An employer can get caught between the proverbial rock and a hard place when making employment decisions about employees with a history of making workplace complaints. The reported appellate law on this issue is pretty limited and understandably so. Every case is so intensely fact-specific that, quite literally, no two cases are alike.
That said, the elements of a reprisal claim are well established. In order to establish a prima facie case of reprisal, a plaintiff must demonstrate 3 things:
- The person engaged in statutorily protected conduct;
- The employer took an adverse employment action against the employee; and
- A causal connection between the employee's protected conducted and the employer's adverse action. Hoover v. Norwest Private Mortg. Banking, 632 N.W.2d 534, 548 (Minn. 2001).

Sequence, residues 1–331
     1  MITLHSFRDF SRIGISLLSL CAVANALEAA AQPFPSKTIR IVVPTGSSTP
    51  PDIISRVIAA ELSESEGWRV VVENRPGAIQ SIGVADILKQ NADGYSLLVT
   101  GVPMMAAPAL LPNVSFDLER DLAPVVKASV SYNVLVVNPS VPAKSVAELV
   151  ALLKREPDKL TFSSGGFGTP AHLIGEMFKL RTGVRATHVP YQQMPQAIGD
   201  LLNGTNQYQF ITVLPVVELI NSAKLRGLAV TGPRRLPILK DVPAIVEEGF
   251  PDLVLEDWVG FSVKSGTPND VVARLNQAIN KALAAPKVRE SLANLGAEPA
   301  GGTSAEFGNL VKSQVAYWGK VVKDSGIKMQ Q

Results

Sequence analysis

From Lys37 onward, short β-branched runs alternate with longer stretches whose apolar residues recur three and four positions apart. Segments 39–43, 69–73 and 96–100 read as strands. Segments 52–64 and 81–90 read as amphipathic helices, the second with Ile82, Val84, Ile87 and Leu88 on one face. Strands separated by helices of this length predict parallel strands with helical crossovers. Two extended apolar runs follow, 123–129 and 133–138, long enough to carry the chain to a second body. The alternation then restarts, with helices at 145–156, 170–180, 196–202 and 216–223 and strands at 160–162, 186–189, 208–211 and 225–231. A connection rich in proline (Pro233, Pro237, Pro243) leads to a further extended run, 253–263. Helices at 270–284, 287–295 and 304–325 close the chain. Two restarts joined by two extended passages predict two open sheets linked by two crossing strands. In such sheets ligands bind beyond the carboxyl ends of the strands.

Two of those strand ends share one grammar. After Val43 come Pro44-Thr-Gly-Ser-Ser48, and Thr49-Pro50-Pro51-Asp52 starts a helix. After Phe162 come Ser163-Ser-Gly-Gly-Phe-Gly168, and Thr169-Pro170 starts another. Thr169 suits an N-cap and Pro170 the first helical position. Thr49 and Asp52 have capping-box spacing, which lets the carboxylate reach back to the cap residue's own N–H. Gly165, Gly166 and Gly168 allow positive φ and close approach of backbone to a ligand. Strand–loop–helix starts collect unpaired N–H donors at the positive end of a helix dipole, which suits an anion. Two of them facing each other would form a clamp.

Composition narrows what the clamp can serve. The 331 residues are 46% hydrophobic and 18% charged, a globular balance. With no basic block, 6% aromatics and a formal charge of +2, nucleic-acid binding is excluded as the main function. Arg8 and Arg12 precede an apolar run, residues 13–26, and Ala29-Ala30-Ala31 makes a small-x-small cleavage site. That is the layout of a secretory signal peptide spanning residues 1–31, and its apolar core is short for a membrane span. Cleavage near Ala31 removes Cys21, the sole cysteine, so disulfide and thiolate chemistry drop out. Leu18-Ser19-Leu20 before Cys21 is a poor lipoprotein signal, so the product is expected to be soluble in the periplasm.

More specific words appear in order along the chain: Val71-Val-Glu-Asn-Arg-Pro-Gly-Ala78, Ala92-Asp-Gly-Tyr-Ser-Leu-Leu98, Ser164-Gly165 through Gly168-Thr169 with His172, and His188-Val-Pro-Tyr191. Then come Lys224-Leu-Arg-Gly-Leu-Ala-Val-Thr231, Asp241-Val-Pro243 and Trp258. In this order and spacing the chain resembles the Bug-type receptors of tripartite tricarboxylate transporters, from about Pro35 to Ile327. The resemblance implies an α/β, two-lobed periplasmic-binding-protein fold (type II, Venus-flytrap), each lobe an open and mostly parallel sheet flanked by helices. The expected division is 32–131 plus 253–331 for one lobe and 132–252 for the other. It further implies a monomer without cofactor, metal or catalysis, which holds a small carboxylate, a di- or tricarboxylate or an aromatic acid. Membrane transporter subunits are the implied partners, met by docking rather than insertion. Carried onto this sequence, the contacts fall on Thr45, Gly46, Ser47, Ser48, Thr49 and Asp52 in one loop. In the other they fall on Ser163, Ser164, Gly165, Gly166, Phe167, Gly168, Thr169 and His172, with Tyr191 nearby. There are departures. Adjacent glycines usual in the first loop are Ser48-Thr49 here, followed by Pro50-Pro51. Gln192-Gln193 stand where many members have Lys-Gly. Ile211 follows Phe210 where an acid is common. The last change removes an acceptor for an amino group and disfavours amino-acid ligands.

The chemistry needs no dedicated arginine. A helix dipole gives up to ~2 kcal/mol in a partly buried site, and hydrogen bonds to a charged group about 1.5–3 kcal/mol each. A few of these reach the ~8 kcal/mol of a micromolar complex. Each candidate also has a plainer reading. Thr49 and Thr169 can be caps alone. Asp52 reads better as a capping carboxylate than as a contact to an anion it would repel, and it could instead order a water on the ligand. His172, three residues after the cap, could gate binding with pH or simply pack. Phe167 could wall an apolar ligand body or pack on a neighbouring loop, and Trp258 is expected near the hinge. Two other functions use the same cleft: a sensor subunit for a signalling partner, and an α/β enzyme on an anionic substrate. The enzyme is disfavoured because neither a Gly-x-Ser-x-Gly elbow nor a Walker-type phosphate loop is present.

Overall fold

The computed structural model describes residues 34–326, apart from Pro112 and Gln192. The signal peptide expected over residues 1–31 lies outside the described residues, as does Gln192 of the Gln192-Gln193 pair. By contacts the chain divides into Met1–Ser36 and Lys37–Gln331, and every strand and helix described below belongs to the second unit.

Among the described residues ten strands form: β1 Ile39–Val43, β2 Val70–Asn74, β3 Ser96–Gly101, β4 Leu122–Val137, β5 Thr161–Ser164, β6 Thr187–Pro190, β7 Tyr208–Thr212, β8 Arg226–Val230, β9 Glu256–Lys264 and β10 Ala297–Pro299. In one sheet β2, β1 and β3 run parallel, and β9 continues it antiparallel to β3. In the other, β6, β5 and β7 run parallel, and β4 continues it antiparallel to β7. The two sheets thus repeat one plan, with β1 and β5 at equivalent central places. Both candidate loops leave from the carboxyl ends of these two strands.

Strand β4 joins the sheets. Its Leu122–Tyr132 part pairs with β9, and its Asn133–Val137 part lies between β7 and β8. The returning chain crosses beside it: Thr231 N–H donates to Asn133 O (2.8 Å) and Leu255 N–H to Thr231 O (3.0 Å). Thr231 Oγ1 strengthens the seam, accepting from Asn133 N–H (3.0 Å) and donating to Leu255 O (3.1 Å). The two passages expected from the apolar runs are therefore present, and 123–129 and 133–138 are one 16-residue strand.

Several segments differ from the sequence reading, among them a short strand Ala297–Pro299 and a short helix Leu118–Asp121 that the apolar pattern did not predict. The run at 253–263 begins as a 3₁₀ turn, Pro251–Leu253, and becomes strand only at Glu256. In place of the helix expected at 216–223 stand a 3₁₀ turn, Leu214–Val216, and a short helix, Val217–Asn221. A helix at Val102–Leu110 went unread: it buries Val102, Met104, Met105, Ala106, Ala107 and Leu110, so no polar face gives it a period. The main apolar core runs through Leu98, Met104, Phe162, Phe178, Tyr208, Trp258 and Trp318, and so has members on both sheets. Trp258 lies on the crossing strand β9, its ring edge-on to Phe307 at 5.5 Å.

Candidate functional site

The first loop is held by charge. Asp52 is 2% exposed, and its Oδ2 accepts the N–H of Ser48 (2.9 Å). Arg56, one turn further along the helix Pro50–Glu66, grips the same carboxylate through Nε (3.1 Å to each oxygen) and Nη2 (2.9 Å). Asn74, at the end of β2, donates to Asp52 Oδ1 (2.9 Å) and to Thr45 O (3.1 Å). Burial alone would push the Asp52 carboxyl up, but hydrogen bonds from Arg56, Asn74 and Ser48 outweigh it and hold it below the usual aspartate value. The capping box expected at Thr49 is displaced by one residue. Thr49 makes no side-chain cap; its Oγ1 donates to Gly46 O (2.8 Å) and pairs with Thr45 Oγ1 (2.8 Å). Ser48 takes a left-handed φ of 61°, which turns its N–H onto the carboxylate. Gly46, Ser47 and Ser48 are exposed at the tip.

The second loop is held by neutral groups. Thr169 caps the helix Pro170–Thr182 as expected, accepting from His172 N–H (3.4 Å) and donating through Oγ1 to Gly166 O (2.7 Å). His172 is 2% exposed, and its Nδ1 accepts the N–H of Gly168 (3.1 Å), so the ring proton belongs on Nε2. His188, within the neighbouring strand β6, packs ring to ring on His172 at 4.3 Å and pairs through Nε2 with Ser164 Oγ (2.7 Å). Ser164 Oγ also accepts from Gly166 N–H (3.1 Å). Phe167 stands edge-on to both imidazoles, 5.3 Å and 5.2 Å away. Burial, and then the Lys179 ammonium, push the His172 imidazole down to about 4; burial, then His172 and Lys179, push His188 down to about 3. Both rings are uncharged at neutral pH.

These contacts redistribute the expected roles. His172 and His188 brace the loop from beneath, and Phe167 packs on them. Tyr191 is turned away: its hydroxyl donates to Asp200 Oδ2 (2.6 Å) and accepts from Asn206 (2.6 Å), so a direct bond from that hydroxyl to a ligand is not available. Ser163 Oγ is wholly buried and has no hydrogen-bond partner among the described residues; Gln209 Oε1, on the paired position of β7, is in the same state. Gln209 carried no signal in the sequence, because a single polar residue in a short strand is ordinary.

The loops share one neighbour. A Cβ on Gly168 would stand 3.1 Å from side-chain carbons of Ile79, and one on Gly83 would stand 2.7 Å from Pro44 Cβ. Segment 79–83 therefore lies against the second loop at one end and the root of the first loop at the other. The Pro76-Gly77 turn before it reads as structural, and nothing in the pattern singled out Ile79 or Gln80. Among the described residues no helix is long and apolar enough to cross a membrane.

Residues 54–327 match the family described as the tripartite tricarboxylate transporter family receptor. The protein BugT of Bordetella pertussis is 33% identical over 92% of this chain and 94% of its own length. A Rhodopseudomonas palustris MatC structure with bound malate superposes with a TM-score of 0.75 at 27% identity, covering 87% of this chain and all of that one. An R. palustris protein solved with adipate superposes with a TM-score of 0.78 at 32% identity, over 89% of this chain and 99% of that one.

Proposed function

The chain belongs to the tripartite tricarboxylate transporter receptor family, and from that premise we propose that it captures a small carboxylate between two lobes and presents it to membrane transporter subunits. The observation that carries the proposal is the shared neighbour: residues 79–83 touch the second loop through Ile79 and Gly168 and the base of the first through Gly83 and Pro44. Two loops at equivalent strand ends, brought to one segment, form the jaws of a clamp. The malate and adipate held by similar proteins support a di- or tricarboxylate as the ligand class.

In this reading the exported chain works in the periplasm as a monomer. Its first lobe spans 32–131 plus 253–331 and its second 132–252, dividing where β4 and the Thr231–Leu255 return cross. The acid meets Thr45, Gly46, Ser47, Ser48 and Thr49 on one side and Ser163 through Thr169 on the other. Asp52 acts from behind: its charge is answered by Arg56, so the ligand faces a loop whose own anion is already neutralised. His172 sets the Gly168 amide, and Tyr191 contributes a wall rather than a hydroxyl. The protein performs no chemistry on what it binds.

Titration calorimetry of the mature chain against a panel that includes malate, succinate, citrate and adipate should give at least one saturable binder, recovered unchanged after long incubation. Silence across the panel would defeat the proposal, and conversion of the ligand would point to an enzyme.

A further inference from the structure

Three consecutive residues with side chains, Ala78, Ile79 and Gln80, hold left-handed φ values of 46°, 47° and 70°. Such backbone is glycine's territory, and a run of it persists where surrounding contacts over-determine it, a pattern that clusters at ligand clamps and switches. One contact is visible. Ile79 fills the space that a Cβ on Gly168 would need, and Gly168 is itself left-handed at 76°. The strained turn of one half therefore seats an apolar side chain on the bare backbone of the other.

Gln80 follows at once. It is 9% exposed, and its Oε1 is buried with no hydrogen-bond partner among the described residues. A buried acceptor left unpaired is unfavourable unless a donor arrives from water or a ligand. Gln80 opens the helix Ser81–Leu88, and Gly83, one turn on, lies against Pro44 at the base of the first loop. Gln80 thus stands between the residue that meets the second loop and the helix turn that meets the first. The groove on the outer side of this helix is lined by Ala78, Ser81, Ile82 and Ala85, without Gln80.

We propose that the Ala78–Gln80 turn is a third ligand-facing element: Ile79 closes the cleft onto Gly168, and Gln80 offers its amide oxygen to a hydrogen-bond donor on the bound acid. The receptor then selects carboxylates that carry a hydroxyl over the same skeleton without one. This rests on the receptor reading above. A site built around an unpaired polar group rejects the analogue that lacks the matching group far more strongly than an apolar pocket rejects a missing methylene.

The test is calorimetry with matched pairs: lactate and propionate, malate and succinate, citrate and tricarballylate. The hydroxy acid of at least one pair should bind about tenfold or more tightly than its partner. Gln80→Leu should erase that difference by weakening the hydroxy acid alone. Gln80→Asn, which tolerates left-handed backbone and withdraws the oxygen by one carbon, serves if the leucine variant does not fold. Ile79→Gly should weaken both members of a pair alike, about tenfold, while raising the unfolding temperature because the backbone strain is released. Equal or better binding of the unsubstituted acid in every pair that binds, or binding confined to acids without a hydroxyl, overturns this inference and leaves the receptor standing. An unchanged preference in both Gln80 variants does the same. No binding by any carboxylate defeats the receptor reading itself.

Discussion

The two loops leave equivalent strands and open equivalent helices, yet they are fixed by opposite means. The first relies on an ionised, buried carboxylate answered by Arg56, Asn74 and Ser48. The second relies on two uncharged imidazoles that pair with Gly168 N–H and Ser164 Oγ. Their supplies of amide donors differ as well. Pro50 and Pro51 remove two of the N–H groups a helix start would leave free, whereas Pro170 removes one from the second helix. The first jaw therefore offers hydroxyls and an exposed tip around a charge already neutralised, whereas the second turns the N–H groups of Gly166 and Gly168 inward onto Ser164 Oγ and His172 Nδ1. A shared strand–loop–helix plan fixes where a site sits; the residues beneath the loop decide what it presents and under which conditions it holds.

Knowing the law is a great asset for employers. The peril lies in thinking that you know the law, but not appreciating how the law applies to your specific case.
A bit of legal research for even slightly comparable cases can save an employer a great deal of time and expense. For assistance with your employment issues, call me before making a wrong decision.
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